19 18 Government Response to the Caldicott Review 3.22 Implementation of data sharing agreements between organisations will help by improving the trust between organisations and the professionals (whether registered and regulated or not) who work in them this is covered in more detail in the section on recommendation At the same time that this response is being published, Skills for Care is launching the voluntary Social Care 3.24 Commitment. 17 Users of care services will be able to check whether providers and their employees have made a public commitment to providing the highest standard of care. It includes commitments about understanding confidentiality issues and handling confidential information Recommendation 5 is considered in the next chapter. 17 thesocialcarecommitment/the_social_care_ commitment.aspx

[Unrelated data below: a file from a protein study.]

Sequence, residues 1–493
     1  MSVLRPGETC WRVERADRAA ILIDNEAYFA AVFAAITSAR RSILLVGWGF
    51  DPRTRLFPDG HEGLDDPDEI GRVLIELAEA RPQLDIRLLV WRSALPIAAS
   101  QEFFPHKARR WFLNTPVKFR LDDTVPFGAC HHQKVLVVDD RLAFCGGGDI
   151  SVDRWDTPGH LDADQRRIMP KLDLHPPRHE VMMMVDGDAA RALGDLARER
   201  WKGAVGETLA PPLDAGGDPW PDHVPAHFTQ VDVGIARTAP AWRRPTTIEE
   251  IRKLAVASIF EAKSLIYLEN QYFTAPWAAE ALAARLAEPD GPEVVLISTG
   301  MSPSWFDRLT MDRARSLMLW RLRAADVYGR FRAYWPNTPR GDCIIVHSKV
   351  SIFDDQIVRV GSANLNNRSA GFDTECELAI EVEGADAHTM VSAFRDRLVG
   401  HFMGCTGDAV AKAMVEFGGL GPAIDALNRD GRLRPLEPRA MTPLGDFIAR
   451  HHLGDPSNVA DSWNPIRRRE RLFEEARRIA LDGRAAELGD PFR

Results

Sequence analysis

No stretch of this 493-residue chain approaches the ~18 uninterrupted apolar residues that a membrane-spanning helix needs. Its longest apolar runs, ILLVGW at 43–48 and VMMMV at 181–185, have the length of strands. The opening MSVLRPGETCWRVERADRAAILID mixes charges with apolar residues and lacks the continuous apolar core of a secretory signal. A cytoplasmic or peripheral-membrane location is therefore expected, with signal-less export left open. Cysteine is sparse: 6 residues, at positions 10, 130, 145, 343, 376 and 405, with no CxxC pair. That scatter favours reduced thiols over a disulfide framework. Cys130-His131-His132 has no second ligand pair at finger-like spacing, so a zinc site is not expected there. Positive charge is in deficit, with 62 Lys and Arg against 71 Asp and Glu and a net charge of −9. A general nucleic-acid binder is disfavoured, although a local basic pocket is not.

20 The revised Caldicott principles 19 Chapter 4. Personal data breaches 4.1 The Review Panel concluded that there should be a single definition of a personal data breach used by the whole health and care system and included a suggested definition. The Department will include consideration of this suggested definition in the work undertaken in response to recommendation The report made 2 recommendations in this area. In cases when there is a breach of personal confidential data, the data controller, the individual or organisation legally responsible for the data, must give a full explanation of the cause of the breach with the remedial action being undertaken and an apology to the person whose confidentiality has been breached. Recommendation 5 (section 3.10) 4.3 The new standard NHS contract includes a duty of candour for providers which may eventually become a statutory duty. This contractual duty places an obligation on NHS providers not just individual clinicians who already have a professional duty of candour to be open with patients when things go wrong and harm has been caused. 4.4 Recommendation 5 suggests that, for every breach, whether the harm is potential or actual, there must be an explanation, remedial action and an apology very closely aligned with the new duty of candour in the NHS. The Review Panel heard that, as a result of recent high profile financial penalties imposed by the ICO, organisations have reduced information sharing for direct care and are reluctant to admit that breaches have happened. The ICO confirmed to the Review Panel that it has not imposed any such penalties for problems arising from formal data sharing to support direct care recent cases of penalties have been in relation to poor processes and poor security. 4.5 The Department agrees with the review finding that there is no contradiction between increasing data sharing for care and improving the safeguards for personal confidential data. 4.6 The ICO works with organisations to improve their processing of personal data in a number of ways providing practical advice to organisations about how they can make improvements to comply with the Data Protection Act. Following the publication of the Francis Report, there is an increased emphasis on being open and honest about mistakes generally. The Department expects every organisation within the